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The broader S&P 500 may not have fallen far enough to have met the technical definition of a stock market correction. Yet we shouldn’t dismiss an intra-day, high-to-low pullback of 7% as unremarkable. (For that matter, there may be more selling pressure ahead.)

On the flip side, what if the worst of the selling has passed us by? Is there a way one might locate exchange-traded investments worth purchasing?

Here’s one process of selection that may be worth considering:

1. Understand the Nature of the Uncertainties. Every pullback is rooted in fears of the unknown. The first unknown that rattled stocks off of their bullish perch was/is the Libyan uprising. In brief, investors began to fear that a prolonged rebellion in the oil-producing nation would lead to economic pain for a “crude” consuming world. Similarly, the need to contain radiation, prevent a nuclear meltdown in Japan, and rebuild an entire coastline of infrastructure created more doubts about trading partner ability to conduct normal business with the globe’s third largest economy.

2. Identify the Types of Companies That Might Alleviate Uncertainties. Fear and crises are typically overcome by opportunistic investing. Wood, coal and steel companies from Weyerhauser (NYSE:WY) to Joy Global (JOYG) to Rio Tinto (NYSE:RIO) are likely to have a hand in rebuilding post-tsunami Japan. Meanwhile, energy explorers/engineers/service providers from Halliburton (NYSE:HAL) to Baker Hughes (NYSE:BHI) tend to gain ground when there’s a premium on oil.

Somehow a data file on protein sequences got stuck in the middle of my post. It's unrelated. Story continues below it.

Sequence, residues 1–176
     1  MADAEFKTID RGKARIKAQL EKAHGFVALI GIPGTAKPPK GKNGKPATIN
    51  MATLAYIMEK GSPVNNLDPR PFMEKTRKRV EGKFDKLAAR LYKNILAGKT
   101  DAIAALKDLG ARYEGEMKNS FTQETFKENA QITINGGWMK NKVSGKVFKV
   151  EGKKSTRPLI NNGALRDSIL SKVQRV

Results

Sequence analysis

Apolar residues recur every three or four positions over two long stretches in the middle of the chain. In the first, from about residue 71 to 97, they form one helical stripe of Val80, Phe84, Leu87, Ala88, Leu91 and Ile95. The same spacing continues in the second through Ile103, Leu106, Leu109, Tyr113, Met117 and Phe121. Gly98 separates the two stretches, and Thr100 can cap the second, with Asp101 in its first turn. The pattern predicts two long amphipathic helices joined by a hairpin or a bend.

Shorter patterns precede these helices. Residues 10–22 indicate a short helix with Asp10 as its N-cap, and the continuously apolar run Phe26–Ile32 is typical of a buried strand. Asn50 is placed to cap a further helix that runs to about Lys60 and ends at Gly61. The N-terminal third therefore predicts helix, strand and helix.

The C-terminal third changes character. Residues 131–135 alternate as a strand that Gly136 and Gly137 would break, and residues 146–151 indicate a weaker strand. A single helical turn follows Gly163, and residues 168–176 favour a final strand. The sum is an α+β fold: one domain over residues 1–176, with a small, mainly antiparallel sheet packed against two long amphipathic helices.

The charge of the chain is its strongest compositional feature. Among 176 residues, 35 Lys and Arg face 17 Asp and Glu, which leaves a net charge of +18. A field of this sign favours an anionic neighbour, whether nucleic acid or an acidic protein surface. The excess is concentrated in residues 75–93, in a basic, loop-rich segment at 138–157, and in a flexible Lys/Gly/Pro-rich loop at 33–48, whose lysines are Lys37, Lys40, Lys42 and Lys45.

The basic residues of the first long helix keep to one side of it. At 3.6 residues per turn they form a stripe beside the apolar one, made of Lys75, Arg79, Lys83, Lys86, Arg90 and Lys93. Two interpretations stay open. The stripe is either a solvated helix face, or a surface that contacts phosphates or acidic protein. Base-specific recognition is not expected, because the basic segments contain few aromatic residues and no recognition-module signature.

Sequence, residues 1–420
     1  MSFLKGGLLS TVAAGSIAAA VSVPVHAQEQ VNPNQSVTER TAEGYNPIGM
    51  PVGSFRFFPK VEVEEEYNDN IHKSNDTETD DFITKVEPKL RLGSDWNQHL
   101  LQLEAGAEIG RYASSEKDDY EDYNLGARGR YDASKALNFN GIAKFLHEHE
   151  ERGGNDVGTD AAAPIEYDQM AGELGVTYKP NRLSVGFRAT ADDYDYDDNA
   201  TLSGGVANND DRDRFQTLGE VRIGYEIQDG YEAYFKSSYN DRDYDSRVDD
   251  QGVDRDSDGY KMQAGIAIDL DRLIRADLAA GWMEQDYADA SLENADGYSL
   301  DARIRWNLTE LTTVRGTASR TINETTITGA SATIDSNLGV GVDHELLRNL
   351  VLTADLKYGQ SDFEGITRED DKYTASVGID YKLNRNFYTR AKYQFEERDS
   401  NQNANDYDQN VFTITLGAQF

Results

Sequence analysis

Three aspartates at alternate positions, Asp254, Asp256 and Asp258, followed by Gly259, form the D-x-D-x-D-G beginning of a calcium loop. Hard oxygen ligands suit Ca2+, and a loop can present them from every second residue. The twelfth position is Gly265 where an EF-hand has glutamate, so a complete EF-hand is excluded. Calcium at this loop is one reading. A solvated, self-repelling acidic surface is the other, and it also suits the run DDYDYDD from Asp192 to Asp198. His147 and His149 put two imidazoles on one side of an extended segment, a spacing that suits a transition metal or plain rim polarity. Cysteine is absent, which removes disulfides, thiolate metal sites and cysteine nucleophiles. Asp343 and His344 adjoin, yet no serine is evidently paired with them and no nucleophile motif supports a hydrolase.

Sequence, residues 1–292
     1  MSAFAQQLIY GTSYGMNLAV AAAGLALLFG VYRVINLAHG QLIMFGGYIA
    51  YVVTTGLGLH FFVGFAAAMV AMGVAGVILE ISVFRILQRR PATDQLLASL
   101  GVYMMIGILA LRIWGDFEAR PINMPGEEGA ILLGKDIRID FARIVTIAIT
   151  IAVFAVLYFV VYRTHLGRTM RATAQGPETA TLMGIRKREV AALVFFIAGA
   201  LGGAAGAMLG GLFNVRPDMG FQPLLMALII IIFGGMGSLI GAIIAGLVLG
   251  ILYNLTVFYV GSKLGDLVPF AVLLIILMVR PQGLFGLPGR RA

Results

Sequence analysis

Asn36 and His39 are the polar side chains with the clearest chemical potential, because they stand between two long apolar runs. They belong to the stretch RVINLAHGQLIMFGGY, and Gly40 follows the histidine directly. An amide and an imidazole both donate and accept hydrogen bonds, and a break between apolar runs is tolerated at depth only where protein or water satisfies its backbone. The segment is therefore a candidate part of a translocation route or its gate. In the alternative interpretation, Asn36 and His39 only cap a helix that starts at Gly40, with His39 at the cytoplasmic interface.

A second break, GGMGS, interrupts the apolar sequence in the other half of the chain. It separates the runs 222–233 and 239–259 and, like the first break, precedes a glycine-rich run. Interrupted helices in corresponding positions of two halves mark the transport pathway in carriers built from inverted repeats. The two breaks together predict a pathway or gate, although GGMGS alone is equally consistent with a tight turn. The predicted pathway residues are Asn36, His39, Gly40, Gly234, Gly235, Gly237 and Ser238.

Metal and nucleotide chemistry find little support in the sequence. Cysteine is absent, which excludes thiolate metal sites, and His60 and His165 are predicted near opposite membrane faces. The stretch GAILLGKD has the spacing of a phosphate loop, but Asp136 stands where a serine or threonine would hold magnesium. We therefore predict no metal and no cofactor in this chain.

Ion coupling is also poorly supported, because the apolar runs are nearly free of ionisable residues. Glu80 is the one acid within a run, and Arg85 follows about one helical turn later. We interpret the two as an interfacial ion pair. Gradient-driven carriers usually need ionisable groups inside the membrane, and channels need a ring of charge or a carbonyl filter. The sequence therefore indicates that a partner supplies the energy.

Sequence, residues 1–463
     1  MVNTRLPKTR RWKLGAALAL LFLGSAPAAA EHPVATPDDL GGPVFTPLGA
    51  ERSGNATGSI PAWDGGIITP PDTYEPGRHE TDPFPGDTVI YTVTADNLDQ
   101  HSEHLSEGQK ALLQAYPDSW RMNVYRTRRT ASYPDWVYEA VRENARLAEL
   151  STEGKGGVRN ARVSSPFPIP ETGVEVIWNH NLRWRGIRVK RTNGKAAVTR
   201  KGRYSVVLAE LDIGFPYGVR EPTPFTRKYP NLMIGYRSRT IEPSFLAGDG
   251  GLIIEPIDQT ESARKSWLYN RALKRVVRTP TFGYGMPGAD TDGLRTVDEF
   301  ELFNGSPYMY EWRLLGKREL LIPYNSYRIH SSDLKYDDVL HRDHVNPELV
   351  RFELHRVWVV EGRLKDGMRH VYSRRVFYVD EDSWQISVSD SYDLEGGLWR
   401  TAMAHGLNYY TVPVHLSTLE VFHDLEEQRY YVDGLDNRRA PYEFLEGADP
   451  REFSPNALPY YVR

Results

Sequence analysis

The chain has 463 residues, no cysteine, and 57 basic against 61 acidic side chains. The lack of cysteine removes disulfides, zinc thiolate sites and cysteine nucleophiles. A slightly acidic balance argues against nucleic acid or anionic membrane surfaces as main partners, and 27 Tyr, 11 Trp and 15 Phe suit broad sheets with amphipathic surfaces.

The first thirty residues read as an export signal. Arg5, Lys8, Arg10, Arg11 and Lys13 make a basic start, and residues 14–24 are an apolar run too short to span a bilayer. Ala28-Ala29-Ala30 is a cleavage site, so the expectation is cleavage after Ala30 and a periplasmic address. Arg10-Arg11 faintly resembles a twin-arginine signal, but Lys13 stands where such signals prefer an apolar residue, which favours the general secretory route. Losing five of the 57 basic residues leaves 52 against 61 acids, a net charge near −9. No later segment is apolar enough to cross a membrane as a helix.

3. Check the “Snap-Back” for Related Sector ETFs. During panicky times, “risk-off” selling usually results in dumping everything on the stock plate. However, when opportunistic investors believe the coast may be less hazy, they’re likely to load up on sub-segments (e.g., hard asset providers, oil services, energy exploration, etc.) that lessen the uncertainties. One can see this activity by listing the sector ETFs that have bounced the highest off respective bottoms.

7 Of The Best “Bounces” For Sector/Sub-Sector ETFs
Approx % Gain
(Thursday, 3/17/11)
iShares DJ Oil Equipment & Services (NYSEARCA:IEZ) 3.74%
Claymore Guggenheim Global Timber (NYSEARCA:CUT) 3.54%
SPDR Oil & Gas Equipment/Services (NYSEARCA:XES) 3.44%
First Trust Natural Gas Index Fund (NYSEARCA:FCG) 3.05%
SPDR DJ Wilshire International Real Estate (NYSEARCA:RWX) 2.50%
Market Vectors Hard Assets Producers (NYSEARCA:HAP) 2.42%
Market Vectors Steel Index Fund (NYSEARCA:SLX) 2.35%
SPDR S&P 500 (NYSEARCA:SPY) 1.32%

Is there tremendous volatility in hard asset producers - from steel to wood to natural gas to coal to oil? The beta risk is a heck of lot more than you’ll get with the S&P 500. Yet taking on risk in the areas that mollify current uncertainties is a way to profit from core beliefs; that is, these are some of the segments that may benefit the most from a continuation of worldwide economic expansion.

Disclosure: Gary Gordon, MS, CFP is the president of Pacific Park Financial, Inc., a Registered Investment Adviser with the SEC. Gary Gordon, Pacific Park Financial, Inc, and/or its clients may hold positions in the ETFs, mutual funds, and/or any investment asset mentioned above. The commentary does not constitute individualized investment advice. The opinions offered herein are not personalized recommendations to buy, sell or hold securities. At times, issuers of exchange-traded products compensate Pacific Park Financial, Inc. or its subsidiaries for advertising at the ETF Expert web site. ETF Expert content is created independently of any advertising relationships.

Source: 7 ETFs With the Biggest 'Bounce-Back' Potential